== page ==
04 March 2014

BSF 2013-2014: Matthew 21:18-22:14

In this portion of the book of Matthew, Jesus warns the religious teachers of their impending judgment. God had called them to direct the people to Jesus as the promised Messiah, but the religious leaders were not doing their job.

The Pharisees and the teachers of the law knew the Old Testament prophecies and should have recognized that Jesus was the promised Messiah. But instead they lived by rules and didn’t enjoy a true relationship with Jesus.

While walking with His disciples, Jesus sees a fig tree. This tree is covered in leaves. A fig tree’s fruit grows before the leaves. So when Jesus sees this fig tree’s leaves, he expects to see fruit. He uses the tree as an object lesson. The tree represents the religious leaders. They didn’t have any fruit to show they had a heart transformation. They were more concerned about what people saw on the outside than what God saw on the inside. Jesus cured the fig tree and it withered immediately.

Jesus’ disciples were amazed at this. Jesus encourages them to ask God for the impossible – specifically they were facing a mountain of opposition from the Jewish leaders.

Next the chief priests and elders question Jesus’ authority. Jesus asks them about John the Baptist’s authority – was it from God or man? The chief priests and elders can’t give an acceptable answer. God had given them the truth, but they did nothing with it. Then Jesus speaks in several parables to these teachers and elders.

The first parable is about two sons. A father asks his two sons to work in his vineyard. The first son says no but later changes his mind and obeys. The second son says yes but does not obey. The first son is a picture of someone who rebelled against God but later realized his sin against God and then repented. The second son intended to do right but never did. This son is a picture of the religious leaders in Jesus’ day as well as people in our day who say the right words but never follow through on faith in their actions.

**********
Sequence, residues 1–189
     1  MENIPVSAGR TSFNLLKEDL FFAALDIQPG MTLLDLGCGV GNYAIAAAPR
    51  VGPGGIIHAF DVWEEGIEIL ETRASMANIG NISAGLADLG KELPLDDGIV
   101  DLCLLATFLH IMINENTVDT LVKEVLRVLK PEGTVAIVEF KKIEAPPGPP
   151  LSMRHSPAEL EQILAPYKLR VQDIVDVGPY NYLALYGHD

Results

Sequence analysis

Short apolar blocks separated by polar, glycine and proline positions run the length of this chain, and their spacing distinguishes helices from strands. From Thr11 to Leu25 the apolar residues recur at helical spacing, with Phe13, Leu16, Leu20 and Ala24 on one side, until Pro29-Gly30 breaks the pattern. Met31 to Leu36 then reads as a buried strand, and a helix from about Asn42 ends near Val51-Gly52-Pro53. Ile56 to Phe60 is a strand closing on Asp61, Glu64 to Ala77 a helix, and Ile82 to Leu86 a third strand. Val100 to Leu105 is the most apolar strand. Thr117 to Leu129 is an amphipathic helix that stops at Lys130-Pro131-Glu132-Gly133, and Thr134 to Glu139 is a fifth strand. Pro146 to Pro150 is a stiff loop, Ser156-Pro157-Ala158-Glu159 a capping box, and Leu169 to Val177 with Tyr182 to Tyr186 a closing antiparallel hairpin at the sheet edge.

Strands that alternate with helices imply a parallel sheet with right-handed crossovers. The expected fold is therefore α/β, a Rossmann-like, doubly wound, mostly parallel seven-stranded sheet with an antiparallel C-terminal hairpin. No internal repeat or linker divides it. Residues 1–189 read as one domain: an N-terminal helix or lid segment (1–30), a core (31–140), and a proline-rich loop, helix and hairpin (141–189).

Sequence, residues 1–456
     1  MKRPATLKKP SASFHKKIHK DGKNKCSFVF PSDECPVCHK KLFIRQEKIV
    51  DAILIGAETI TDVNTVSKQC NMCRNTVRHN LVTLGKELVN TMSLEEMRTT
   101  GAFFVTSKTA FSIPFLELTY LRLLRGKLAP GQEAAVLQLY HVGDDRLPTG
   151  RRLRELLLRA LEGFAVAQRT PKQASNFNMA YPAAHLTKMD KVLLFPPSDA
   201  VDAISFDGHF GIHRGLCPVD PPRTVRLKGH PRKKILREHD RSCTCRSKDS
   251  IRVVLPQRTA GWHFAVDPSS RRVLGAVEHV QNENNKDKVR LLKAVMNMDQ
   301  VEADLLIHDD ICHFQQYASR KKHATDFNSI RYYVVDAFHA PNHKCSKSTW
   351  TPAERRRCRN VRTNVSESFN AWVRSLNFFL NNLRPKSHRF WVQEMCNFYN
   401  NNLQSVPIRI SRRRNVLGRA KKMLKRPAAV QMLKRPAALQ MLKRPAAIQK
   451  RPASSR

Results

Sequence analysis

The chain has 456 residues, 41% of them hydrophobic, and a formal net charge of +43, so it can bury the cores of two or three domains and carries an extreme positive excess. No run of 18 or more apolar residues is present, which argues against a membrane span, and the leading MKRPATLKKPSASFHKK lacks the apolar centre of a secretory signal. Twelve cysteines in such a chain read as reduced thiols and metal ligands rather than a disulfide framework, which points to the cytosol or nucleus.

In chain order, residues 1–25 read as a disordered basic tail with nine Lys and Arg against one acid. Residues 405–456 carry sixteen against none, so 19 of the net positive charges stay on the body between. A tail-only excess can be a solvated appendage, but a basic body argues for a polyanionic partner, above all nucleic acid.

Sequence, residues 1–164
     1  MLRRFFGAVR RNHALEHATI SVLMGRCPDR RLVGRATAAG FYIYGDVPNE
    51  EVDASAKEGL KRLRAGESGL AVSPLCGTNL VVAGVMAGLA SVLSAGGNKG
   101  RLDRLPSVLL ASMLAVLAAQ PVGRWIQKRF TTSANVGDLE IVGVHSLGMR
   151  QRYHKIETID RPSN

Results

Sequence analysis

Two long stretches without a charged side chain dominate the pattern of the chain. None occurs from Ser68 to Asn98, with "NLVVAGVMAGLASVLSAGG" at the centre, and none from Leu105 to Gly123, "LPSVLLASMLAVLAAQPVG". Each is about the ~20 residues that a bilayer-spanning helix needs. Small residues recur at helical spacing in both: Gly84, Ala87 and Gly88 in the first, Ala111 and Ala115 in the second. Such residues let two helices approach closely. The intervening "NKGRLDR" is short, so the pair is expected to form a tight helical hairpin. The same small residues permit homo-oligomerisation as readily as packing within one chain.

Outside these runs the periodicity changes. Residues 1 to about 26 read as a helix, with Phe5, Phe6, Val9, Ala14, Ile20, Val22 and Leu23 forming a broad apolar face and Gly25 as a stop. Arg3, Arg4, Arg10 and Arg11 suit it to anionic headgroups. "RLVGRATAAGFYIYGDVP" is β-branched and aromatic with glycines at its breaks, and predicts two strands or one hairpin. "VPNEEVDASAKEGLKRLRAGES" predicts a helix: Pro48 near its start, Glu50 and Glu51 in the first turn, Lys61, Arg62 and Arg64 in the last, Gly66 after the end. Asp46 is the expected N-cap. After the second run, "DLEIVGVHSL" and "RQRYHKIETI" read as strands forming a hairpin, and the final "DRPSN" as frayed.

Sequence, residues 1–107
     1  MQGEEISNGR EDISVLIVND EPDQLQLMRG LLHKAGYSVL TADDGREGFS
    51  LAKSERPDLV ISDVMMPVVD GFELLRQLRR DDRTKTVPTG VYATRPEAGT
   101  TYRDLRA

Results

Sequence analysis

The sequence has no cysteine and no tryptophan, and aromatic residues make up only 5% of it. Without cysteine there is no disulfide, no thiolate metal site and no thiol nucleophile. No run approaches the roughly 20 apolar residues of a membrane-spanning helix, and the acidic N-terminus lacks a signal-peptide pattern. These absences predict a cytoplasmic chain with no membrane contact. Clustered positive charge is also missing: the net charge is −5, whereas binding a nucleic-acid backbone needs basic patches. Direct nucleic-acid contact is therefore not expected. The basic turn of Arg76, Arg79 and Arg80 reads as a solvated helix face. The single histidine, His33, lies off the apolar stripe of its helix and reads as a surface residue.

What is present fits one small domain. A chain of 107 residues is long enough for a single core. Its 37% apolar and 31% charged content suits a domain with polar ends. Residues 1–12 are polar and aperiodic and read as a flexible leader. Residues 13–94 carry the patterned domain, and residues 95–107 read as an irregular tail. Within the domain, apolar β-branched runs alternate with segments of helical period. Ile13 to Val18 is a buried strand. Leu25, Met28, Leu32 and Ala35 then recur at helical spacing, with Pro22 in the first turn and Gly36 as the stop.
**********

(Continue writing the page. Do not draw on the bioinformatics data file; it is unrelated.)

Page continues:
Jesus moves on to another parable – the parable of the tenants. The landowner represents God. The vineyard represents the nation of Israel. The tenants represent the religious leaders. The landowner’s servants represent the Old Testament prophets and John the Baptist. The landowner’s son represents Jesus. The other tenants represent Jewish and Gentile believers.

God sent the prophets to Israel, but the people did not listen. God sent John the Baptist to Israel, but the people did not listen. Then God sent His Son to Israel, but still the people did not listen. God judges the murders of His prophets and His Son by taking away the responsibility of sharing Jesus from the religious leaders and giving the responsibility to believers.

Jesus isn’t done! He tells the parable of the wedding banquet. A king sends out the first invitation to a wedding banquet. This was like our save the date announcements. The people in the parable refused this invitation. The second invitation from the king asked the people to come now because the wedding banquet was ready. Again the people refused this invitation.

The people attack and kill the king’s servants who deliver the invitations. The king attacks the people’s city. Then the king tells his servants to invite the most unlikely people to come to the banquet. These people did not receive the original invitation. But they accepted the invitation and went to the banquet. These people represent the repentant sinners who turn toward God from their own sinful lives.

An uninvited guest sneaks in to the banquet. Traditionally, the host provided garments to the guests so people in the wrong attire would be very noticeable. In this parable, the king sees the man who is not dressed in the proper wedding clothes. The king questions the man. The man did not have anything to say in his defense. The king’s servants throw the man into the outer darkness.

God’s invitations to us today are the same as the king’s invitations in the parable. Now God is saying, “Come,” and He is inviting us to the future wedding banquet. Then when Jesus returns to earth, He will say, “The wedding banquet is ready! Come with me to celebrate.” Will you be ready to go with Jesus to the wedding banquet in heaven? If not, you will be like the uninvited guest in the parable. You will be cast into hell for all eternity.

Things to Think About
  • God requires authentic belief and active commitment to His Son.
  • How often do I tell God I will do something but never do it?
  • Do I have a true relationship with Christ, or do I just have religious practices that look good on the outside?
  • Which mountain am I asking God to move? Will I pray expectantly and not doubt?
  • Which fruit am I producing in my Christian life?
  • As Christians, our job is to make God known to the world. Am I faithfully doing this?